A group of young people offered an unorthodox proposal
At the 1948 Church of the Brethren Annual Conference in Colorado Springs, Colorado, a group of young people offered an unorthodox proposal: to create a volunteer service program for young adults. Youth and young adults in the Church had been volunteering in various ways for decades, giving up a year of their lives to serve in denominational work camps and Civilian Public Service (an alternative to required military service for conscientious objectors). What they wanted was an organized, denominational program that would allow young people to volunteer for year-long service positions that would promote peace, prevent war, and be about justice in the world.
Alma Long, one of the young people present at that conference, remembers the excitement in the room: “When the young people stood up and cheered, the whole Conference was surprised. I remember that evening at suppertime everybody was talking about it. It was a big thing…The Holy Spirit was just so in evidence. It was just like Pentecost! Just like a football game! You could just feel the power of God in that place!”
Much about BVS has stayed the same over the last decades. From the beginning, volunteers participated in orientation, served in a wide range of projects working for peace and justice, and lived simply on a stipend. Of course, BVS has also changed, shortening orientation from the original 3 months to the current 10 days, broadening our volunteer base, adding projects, and growing geographically. Thousands of volunteers have served through BVS since its start, participating in ongoing solutions to the world’s most deeply rooted problems and having life-changing experiences. From its unorthodox beginnings in 1948 to today, Brethren Volunteer Service has been sharing God’s love in the world through acts of service. Won’t you join us?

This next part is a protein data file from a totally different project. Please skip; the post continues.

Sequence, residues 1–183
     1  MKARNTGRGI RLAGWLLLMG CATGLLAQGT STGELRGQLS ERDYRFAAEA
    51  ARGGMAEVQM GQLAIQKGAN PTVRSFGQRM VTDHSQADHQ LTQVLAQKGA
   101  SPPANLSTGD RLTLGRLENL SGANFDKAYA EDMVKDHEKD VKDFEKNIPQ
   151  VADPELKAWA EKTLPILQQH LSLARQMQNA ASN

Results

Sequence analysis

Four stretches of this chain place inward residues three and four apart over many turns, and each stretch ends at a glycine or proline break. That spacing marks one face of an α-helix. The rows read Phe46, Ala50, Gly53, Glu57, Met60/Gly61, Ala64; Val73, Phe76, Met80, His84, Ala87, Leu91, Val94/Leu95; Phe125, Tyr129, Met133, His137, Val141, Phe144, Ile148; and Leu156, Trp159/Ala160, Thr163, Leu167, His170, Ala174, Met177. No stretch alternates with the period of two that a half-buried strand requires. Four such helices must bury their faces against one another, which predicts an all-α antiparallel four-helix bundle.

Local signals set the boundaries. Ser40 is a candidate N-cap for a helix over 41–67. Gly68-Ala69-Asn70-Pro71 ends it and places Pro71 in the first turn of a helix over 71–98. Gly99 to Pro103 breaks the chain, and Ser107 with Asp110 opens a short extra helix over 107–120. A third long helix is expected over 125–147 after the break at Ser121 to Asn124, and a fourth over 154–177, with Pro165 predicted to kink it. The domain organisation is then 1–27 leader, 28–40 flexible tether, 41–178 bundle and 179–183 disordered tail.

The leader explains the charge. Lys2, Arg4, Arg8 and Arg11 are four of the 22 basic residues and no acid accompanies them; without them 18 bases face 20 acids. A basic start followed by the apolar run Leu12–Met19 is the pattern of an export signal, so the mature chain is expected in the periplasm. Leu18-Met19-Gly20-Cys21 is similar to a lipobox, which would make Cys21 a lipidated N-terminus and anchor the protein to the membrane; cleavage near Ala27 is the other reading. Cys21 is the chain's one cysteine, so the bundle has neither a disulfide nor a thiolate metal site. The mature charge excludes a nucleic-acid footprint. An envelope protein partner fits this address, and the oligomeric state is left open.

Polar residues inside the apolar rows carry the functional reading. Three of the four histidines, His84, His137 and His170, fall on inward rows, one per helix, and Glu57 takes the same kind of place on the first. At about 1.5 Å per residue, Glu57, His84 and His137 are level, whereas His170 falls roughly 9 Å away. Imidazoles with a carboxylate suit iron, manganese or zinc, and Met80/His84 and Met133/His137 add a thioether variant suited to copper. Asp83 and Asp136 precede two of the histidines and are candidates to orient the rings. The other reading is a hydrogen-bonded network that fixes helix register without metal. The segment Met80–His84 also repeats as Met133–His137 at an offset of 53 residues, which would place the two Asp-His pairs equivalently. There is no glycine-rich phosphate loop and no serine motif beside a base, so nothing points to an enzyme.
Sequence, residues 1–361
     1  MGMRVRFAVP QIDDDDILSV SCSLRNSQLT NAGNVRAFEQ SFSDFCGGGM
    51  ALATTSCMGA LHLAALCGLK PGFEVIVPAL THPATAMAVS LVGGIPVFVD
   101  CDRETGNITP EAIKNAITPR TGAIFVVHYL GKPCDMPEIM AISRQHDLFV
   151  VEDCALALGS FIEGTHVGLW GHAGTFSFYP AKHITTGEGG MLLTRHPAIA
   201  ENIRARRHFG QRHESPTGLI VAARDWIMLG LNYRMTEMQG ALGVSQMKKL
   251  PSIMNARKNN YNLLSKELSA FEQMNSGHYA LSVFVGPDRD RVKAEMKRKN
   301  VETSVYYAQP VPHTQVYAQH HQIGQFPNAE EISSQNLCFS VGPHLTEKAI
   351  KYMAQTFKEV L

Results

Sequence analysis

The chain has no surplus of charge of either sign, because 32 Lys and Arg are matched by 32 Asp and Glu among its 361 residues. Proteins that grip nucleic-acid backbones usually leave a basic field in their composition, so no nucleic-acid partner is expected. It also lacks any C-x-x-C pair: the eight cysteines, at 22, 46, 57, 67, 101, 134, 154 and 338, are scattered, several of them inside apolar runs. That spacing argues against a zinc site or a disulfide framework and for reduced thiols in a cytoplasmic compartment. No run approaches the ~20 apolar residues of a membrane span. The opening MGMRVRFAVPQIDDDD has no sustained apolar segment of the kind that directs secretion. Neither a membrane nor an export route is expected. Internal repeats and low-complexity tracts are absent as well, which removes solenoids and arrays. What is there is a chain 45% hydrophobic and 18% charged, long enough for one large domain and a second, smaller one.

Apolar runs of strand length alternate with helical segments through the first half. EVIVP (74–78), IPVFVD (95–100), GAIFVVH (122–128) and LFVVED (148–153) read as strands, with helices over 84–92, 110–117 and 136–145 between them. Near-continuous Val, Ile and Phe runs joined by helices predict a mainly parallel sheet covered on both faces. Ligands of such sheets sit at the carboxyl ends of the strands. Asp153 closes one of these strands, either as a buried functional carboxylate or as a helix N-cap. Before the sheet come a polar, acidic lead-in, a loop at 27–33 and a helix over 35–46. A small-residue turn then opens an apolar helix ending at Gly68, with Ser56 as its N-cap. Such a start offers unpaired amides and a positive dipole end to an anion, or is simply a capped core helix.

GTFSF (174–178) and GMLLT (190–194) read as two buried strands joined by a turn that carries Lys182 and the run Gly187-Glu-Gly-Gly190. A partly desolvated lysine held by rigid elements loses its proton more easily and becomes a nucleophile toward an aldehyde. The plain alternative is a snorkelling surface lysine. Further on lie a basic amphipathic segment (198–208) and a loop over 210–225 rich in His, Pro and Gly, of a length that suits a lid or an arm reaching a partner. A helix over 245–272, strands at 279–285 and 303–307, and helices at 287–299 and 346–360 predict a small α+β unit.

*Many thanks to Jim Lehman, whose extensive research on the history of BVS informs much of our story today.